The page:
It’s going to take you longer to stop, and it’s just going to get worse until you fix it.
Related: 5 Reasons Brakes Can Lock Up
Diagnosing a Soft Brake Pedal
When pushing on the brakes, you should feel solid pressure from start to finish. If it feels as though the brake pedal’s pressure is changing when you press the brakes or if the brakes feel mushy, you have a spongy brake pedal.
Spongy brakes feel like squishy brakes, and it means the same thing.
There is an additional test you can conduct to try and locate the source of the problem. One of the best tests you can perform is to turn the key off and pump the brakes a few times. Once the pedal gets hard, push down on the brakes.
If the pedal starts to sag to the floor after this, you have a leak somewhere in the system, and you know the problem is deeper than just a little air you need to bleed out of the system.
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15 thoughts on “6 Causes of Spongy Brakes (or Soft Brake Pedal)”
Toyota Camry 2005 with ABS. Brake pedal is too soft and goes to floor. My state inspection failed due to this. Tested master cylinder on bench and in the car, its working perfectly. Flushed and bleed the brake fluid from all 4 wheels, no cure. Noticed an interesting thing, I pinched driver side front brake hose, which brings the pedal to normal (ie not spongy). I thought the brake caliper has some issue, the piston was seized, so I serviced the brake caliper, and put it back, bleed the air and un-pinched the line. The spongy brake returned. Pinching passenger front side hose also brings the pedal to solid. The brake hoses appears to be good.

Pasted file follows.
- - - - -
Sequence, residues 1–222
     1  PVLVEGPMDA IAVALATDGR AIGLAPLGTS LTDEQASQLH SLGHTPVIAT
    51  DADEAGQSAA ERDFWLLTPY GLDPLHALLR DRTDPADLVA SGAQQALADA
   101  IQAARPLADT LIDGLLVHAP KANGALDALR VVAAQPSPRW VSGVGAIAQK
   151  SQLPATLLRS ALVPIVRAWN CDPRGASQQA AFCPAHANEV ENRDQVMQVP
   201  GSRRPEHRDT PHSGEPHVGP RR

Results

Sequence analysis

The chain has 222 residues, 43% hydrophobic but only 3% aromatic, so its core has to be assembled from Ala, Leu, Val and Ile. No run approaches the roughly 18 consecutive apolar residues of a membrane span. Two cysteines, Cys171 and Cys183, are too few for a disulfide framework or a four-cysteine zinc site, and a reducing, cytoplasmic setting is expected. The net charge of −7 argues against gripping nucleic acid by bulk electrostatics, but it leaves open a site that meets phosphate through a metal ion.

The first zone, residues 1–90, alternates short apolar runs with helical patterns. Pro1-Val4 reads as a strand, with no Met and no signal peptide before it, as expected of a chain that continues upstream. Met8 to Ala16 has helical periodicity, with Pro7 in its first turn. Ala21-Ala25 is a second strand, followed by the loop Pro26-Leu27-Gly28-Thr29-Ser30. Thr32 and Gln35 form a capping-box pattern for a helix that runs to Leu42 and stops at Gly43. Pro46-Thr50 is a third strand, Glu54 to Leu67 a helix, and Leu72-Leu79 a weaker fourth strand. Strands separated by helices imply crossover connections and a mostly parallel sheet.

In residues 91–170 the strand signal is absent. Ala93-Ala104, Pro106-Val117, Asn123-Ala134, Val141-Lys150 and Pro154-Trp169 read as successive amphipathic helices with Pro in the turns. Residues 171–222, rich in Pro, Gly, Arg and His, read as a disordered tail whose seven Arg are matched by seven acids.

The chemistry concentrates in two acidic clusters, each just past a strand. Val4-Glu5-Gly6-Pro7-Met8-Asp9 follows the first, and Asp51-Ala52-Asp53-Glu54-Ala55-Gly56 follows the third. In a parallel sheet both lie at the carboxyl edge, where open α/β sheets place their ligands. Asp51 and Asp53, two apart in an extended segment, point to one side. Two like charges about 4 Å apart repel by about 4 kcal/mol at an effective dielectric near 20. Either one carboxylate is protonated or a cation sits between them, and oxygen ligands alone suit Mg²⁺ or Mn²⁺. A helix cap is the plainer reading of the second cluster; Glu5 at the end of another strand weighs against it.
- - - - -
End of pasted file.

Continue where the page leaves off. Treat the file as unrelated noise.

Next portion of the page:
I haven’t touched the ABS module, May be its faulty, or needs bleeding, but I don’t want to get that route just yet. Thoughts anyone?
Is there a chance you could’ve gotten air in the ABS lines? It might be a good idea to take the car to a shop to have them bleed the entire system (ABS included). Bleeding ABS requires a special tool that puts the ABS system in a bleed state. This is not possible for a home mechanic without a professional scan tool.
2010 Ford edge, changed brake booster. After changing bled the brakes no pedal no pressure. Replaced master cylinder, had brakes but after a few minutes front brakes locked up. Replaced both again with new master and reman booster and back to no pedal. Bled a qt of fluid through and didn’t do anything to the calipers and didn’t have brake problems before changing just felt the pedal sticking when coming back up causing brake lights to stay on.